The following shows Hall’s impacts over the last three years according to regularized adjusted plus-minus (RAPM) via Evolving Hockey.

Hall has been an incredible offensive play driver both in terms of expected goals and actual goals. His defensive impacts are better than expected. Add in that he scores points and he’s obviously one of the best wings in the NHL. In fact, he’s one of those players who’s so good that making the case for him being good is easy. Sometimes I have to write a lot of words to try to prove the value of a player. For Hall, every number aside from this season is great. He’s a special player.

But should the Lightning be trying to acquire him? For me, the answer to that question is an unequivocal yes. The point of creating cap space in season and acquiring extra draft picks is that those things give you the flexibility to pounce on opportunities. This is an opportunity that deserves pouncing.

No one expected the Devils to be this bad. Sure, there was always a chance that they might fall out of the playoff race and Hall would become available at the trade deadline. But him being on the market this early is a surprise. The Lightning are one of the teams positioned to take advantage. They did the work to make themselves an option in situations like this and they should be trying to make that flexibility pay off.

In terms of competitive cycle, the Lightning are right in the heart of theirs. They have several stars in their primes. Realistically, things are going to start getting hard for them this summer. They have an even worse cap crunch than last summer coming that could see them have to move out another valuable player or possibly even two. Last summer, they managed to compensate for the loss of Miller with bargain bin deals for Pat Maroon and Kevin Shattenkirk. I’m not sure they can count on things like that falling in their lap again.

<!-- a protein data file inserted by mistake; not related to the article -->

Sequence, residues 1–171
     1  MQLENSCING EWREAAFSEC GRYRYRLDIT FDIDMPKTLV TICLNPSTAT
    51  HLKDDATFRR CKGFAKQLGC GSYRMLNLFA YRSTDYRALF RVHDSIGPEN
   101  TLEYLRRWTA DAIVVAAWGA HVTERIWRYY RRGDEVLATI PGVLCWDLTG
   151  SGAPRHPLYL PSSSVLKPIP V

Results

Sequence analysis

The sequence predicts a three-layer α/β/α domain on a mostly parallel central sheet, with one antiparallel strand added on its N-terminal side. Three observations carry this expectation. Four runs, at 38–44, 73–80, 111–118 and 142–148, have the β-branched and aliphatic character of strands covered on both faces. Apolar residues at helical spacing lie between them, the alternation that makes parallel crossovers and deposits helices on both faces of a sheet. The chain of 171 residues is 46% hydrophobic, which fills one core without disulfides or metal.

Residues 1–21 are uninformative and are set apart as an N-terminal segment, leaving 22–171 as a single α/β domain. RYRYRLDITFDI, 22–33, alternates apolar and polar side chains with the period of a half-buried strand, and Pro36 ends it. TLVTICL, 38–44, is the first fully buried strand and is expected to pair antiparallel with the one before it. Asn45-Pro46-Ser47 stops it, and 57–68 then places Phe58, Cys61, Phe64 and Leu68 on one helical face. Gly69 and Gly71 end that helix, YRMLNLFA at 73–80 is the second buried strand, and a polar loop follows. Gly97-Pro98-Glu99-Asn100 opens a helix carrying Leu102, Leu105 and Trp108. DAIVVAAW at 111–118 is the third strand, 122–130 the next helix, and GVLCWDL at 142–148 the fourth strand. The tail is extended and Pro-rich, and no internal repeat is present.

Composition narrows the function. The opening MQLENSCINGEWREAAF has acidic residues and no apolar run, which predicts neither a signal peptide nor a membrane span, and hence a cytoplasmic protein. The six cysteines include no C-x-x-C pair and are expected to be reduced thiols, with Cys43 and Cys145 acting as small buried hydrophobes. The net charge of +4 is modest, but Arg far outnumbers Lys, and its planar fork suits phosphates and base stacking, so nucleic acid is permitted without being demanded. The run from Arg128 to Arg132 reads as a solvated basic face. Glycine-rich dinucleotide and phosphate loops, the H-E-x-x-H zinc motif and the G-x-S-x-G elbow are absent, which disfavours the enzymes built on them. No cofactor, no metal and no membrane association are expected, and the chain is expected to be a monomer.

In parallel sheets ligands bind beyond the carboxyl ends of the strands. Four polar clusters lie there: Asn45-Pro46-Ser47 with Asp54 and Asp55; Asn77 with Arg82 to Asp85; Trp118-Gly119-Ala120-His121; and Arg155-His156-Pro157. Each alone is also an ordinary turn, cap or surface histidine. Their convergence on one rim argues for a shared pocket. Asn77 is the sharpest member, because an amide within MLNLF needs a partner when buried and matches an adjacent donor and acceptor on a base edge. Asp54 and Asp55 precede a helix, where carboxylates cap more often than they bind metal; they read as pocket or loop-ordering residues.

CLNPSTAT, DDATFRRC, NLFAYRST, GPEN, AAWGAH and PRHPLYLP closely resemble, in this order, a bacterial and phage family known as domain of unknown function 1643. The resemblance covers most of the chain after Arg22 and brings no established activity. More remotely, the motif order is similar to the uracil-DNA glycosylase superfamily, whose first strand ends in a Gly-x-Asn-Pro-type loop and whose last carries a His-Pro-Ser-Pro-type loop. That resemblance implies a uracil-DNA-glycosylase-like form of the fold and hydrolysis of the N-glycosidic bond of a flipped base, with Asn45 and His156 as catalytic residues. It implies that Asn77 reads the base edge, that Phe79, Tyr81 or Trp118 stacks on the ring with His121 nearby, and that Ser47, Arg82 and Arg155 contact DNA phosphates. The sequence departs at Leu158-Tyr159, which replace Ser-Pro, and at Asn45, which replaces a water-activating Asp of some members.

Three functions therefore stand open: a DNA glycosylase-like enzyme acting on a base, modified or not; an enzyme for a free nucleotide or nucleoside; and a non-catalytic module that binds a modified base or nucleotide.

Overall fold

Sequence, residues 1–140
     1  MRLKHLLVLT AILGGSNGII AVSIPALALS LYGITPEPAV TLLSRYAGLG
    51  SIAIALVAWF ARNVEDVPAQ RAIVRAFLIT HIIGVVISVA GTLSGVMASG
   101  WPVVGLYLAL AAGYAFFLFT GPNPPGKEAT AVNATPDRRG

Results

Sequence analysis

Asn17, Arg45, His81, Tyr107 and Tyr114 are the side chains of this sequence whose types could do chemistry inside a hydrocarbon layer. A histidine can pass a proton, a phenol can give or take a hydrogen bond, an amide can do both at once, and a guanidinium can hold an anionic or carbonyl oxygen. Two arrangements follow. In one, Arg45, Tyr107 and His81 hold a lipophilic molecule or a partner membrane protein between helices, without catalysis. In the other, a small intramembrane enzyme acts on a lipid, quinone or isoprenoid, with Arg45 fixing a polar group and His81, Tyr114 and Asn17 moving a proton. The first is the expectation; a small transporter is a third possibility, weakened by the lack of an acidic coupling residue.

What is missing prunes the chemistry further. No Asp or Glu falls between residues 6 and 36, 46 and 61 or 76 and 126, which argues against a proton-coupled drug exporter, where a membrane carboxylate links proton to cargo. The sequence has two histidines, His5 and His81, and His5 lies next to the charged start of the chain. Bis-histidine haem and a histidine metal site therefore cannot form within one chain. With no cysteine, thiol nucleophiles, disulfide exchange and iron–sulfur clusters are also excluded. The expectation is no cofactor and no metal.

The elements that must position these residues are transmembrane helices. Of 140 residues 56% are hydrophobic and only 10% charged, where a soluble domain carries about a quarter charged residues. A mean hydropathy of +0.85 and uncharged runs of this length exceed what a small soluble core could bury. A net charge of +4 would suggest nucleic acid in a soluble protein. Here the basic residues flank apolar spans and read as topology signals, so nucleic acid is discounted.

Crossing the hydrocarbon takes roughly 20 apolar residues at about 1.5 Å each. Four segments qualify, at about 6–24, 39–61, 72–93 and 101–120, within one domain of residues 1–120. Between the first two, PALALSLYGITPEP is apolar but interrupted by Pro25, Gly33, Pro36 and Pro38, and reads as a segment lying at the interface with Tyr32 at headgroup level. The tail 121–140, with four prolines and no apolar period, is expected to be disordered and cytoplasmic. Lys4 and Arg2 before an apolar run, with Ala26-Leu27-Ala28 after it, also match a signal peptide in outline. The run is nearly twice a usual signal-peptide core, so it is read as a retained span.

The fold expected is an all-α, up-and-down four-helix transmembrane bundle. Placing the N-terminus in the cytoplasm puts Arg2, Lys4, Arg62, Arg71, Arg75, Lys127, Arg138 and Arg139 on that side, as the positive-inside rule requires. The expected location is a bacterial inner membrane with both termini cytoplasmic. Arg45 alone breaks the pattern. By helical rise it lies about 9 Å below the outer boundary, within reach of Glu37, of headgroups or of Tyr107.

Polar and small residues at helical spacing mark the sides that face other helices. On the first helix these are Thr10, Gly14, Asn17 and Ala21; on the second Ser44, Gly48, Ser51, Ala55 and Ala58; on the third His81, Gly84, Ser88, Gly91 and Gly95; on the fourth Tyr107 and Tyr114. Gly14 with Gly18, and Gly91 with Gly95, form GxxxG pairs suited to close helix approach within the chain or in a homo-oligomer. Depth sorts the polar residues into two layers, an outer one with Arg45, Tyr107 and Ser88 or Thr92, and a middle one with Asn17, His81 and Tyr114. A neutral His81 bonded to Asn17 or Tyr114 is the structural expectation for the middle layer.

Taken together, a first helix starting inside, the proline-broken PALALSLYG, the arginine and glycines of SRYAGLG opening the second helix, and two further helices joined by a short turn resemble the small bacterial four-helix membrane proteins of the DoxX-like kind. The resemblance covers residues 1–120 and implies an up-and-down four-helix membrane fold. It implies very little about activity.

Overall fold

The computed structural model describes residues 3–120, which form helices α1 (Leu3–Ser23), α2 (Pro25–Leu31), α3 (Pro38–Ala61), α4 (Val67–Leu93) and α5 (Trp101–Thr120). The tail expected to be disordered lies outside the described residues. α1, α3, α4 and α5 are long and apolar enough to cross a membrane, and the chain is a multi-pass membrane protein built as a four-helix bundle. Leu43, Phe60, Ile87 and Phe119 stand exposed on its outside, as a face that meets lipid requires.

The Taylor Hall option allows them another run with a stacked group. They obviously can’t re-sign him. But they do have the assets to get him and try to go full offensive juggernaut this year. And the longer this process drags, the better it gets for the Lightning. Every day gives them more accrued cap space making the deal easier to figure out from a financial perspective.

I realize this probably isn’t the conventional thinking but for me, this is a no-brainer. I’m not a fan of trading picks or prospects for marginal upgrades. I think the slow bleed of draft picks at the trade deadline to fill perceived immediate needs is one of the things that hampers teams’ ability to sustain success. But this isn’t that. This is the chance to add one of the very best players in the league to a team that has legitimate Stanley Cup aspirations.

They have the cap space. They have the draft picks. They have the prospects. All they have to do is pick up the phone. And they should. Because if not, what’s the point of all that good work over the summer?

Update:

Well, this obviously isn’t a possibility anymore as the Devils traded Hall to the Arizona Coyotes. I’m going to leave the article up for the rest of the night because I still think the argument was worth making regardless of the outcome. The same logic would apply if another super high end player were to hit the trade market.